A Year for Democracy, On Purpose or Not

Democracy in Iraq owes much to the determined efforts of U.S. President George W. Bush in 2005. So do democracy and constitutional order in the United States, if in a different way.

Setting Good Examples in the Gulf

The wolf is no longer at the door of the wealthy Arab kingdoms and emirates of the Persian Gulf. It is now in their midst, threatening to devour these plump, slow-moving gazelles of states from inside their fragile defense lines.

Surprises From the Middle East

Call it history's revenge or the Nixon-goes-to-China syndrome run amok: Events in the Middle East now force political leaders to eat vows never to do certain things and then pronounce the dish tasty.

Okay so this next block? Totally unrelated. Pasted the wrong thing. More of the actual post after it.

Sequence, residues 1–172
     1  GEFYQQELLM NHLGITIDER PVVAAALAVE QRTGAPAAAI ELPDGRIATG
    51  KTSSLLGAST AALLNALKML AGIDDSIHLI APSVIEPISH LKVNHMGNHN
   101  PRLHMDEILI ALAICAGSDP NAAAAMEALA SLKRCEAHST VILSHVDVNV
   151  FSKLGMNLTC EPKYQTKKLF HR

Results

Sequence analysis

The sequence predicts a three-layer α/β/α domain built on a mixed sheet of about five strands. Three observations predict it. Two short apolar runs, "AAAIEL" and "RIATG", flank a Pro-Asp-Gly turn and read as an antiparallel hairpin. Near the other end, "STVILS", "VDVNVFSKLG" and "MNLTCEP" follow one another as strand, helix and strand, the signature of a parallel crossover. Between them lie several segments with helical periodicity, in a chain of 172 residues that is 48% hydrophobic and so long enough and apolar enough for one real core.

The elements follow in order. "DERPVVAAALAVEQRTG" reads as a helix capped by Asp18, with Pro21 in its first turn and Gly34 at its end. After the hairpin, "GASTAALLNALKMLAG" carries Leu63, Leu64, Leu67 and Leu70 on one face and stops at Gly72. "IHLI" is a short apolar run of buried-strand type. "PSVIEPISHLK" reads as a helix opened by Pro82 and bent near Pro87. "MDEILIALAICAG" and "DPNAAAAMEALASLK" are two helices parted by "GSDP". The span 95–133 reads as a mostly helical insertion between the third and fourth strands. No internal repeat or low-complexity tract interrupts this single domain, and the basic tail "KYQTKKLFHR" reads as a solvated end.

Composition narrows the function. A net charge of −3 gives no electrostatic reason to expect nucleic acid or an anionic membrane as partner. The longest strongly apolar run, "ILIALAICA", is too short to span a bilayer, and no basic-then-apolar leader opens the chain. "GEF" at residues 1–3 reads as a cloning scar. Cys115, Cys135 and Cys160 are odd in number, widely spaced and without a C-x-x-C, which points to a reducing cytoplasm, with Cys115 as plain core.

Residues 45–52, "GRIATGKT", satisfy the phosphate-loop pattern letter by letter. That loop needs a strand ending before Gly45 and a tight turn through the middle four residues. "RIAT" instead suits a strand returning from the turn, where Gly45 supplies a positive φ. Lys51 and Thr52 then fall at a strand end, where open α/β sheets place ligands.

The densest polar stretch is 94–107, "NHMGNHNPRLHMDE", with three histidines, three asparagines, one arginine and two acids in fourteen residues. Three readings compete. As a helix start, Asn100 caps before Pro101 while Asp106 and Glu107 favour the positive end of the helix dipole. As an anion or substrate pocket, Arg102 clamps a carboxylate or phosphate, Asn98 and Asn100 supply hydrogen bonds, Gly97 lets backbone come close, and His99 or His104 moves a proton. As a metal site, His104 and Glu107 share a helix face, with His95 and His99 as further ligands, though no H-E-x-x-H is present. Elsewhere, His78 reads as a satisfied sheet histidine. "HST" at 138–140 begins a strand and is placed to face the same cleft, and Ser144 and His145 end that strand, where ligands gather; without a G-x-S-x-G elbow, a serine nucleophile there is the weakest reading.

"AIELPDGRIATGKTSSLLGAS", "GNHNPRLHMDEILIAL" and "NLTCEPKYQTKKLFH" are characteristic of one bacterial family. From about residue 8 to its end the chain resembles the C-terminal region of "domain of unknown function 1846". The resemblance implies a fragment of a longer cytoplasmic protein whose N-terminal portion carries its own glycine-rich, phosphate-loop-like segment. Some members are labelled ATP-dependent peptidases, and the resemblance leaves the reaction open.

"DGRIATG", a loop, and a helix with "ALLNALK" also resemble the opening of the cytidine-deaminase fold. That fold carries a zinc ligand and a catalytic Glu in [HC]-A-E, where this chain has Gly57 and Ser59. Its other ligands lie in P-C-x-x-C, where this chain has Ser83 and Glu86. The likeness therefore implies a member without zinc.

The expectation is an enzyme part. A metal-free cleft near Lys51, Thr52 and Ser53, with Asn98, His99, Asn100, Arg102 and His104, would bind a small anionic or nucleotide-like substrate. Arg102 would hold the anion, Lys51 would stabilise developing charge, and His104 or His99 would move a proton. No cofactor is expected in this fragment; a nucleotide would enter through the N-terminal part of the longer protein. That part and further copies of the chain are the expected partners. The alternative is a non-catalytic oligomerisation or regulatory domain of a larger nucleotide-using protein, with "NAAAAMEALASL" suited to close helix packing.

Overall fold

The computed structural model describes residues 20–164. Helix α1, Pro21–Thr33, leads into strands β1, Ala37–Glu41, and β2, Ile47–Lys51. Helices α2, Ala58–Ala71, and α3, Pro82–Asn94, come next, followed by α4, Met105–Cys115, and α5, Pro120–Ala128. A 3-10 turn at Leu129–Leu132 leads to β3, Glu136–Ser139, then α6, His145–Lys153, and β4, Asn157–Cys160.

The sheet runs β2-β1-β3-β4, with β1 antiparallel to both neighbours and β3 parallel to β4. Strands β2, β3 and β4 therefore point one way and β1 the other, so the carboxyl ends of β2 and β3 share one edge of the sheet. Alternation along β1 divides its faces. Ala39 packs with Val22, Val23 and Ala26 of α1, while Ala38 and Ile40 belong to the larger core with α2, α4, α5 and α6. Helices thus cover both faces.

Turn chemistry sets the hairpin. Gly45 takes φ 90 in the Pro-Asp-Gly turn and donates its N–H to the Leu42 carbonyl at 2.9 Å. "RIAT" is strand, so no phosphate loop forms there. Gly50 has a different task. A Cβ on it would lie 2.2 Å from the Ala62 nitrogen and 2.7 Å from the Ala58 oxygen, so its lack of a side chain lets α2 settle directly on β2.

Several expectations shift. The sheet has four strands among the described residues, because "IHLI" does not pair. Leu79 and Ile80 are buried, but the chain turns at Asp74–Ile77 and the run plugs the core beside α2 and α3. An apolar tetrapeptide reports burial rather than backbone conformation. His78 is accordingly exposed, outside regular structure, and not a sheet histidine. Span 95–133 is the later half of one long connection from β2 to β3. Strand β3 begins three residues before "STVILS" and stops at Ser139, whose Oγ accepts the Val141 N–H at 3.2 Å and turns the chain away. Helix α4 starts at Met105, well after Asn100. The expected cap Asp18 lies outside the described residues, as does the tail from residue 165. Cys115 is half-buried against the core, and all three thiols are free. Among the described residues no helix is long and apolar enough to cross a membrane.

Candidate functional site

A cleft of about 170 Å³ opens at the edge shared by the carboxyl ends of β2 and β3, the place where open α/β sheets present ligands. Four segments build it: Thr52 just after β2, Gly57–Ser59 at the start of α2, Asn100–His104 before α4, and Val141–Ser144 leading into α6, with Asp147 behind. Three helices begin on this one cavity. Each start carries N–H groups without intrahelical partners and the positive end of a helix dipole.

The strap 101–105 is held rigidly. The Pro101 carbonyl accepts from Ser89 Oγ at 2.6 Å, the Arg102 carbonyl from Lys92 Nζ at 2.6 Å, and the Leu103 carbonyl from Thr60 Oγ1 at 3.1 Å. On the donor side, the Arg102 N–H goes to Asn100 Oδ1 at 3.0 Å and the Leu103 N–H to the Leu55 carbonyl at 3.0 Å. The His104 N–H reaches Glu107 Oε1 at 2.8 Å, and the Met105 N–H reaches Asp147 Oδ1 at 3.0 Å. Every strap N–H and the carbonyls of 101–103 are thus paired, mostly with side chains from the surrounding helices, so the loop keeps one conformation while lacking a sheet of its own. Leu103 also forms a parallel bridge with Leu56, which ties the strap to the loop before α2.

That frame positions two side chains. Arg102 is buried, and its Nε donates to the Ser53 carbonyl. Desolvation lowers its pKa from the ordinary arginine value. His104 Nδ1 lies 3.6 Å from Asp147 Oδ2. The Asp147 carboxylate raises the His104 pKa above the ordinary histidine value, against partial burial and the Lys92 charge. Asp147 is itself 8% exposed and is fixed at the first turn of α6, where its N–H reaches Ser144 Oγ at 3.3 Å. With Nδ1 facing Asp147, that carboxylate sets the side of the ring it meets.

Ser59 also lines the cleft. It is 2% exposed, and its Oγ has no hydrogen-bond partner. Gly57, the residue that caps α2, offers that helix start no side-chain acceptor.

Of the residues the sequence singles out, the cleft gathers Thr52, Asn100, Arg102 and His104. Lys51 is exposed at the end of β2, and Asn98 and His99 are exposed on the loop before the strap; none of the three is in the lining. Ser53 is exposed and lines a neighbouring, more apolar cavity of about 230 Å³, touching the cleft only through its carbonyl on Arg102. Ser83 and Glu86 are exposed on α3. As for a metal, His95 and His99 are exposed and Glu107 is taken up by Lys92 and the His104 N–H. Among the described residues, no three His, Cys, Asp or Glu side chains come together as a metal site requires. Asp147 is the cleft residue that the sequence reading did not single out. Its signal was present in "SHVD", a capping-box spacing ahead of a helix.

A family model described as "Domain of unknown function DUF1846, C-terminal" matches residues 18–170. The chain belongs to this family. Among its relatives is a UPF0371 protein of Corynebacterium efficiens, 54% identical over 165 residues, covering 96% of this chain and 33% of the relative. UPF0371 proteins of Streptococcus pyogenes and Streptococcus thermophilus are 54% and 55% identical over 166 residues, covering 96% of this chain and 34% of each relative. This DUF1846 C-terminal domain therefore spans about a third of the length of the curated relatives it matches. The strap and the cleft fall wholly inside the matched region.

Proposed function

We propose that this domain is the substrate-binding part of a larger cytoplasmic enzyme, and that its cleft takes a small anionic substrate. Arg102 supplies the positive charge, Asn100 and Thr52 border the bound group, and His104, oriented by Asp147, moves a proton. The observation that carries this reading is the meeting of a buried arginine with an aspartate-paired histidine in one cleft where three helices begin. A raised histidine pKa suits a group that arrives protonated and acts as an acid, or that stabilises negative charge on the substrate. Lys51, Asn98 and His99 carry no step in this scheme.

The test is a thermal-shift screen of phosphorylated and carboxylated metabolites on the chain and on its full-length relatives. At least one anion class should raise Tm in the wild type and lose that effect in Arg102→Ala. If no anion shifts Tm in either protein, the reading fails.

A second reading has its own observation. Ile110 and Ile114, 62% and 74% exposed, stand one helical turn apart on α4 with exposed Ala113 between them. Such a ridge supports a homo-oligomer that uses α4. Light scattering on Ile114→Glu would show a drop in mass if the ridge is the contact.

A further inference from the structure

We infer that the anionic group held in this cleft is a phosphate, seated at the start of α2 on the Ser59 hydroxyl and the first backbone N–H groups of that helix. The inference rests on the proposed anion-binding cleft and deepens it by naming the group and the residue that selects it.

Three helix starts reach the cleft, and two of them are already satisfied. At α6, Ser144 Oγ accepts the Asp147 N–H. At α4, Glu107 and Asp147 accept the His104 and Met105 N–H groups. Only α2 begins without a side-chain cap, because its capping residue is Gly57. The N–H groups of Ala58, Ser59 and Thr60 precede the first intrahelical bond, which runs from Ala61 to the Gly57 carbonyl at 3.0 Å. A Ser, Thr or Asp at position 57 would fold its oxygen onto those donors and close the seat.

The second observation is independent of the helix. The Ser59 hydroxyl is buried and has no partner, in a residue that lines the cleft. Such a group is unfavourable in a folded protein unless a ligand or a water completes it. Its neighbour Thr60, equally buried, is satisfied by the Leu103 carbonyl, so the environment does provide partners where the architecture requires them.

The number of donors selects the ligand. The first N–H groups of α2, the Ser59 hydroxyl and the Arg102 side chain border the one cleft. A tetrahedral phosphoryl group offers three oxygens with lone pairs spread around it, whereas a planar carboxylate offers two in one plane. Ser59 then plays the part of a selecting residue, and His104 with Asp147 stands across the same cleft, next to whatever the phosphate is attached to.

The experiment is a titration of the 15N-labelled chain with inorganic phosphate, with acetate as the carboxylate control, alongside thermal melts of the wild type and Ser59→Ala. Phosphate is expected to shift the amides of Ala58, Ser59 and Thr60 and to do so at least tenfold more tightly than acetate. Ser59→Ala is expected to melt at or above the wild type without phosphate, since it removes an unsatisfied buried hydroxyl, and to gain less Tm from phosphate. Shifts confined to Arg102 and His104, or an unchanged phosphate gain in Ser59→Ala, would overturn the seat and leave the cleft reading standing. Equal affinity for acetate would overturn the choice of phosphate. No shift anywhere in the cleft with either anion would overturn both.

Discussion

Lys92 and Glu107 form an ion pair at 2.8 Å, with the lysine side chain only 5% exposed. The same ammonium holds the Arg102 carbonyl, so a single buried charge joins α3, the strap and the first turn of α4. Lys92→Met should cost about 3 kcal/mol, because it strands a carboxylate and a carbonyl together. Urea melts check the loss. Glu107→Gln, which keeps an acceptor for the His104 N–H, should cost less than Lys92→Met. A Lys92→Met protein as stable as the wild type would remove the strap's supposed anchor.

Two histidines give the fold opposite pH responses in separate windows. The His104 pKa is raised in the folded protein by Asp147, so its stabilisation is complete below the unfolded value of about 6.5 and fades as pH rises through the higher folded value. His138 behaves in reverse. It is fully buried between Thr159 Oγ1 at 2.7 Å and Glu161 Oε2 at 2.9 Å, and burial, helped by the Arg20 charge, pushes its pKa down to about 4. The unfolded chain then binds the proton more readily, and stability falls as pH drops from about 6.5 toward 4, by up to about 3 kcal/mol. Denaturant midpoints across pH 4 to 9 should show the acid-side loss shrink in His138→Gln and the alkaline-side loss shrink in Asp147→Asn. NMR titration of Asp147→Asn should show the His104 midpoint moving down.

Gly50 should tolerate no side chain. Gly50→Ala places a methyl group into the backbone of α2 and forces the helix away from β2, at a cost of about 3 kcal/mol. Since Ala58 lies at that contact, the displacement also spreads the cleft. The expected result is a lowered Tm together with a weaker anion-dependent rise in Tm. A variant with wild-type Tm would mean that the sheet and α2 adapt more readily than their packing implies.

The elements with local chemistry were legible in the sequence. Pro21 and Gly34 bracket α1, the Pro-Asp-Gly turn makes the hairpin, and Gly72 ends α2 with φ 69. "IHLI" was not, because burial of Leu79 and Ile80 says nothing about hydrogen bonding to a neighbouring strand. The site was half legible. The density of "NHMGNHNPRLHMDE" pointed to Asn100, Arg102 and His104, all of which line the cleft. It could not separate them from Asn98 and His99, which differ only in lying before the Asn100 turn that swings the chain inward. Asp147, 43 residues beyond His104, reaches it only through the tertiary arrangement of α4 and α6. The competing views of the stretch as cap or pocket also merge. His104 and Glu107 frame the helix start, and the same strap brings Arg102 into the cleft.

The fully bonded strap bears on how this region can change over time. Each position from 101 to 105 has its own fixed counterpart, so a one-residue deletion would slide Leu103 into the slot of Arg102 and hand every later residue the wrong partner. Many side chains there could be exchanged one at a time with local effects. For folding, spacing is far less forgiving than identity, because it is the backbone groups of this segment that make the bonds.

The Tail That Wags the Dog

The world is witnessing ""the swiftest advance of democratic institutions in history,"" U.S. President George W. Bush declared recently.

Stopping the Saudification of Russia

By continuing to live unmeasured lives when it comes to energy consumption, too many Americans could unconsciously help President Vladimir Putin achieve his strategic objective of making Russia a second Saudi Arabia.

Two Presidents, Two Peas in a Pod

Imagine that U.S. President George W. Bush could command American television networks to limit their broadcasts to heroic rescues in New Orleans while blacking out scenes of human misery there.

Karimov's Game

If you can supply energy to world markets, do you really need the United States and its conflicting priorities and bureaucracies, along with all that yammering about human rights and democracy?

Gay Marriage and the Global Culture Wars

Same-sex weddings would be an unacceptable ""parody of marriage,"" the president said dismissively. No, not that president. The speaker this time was Jacques Chirac of France.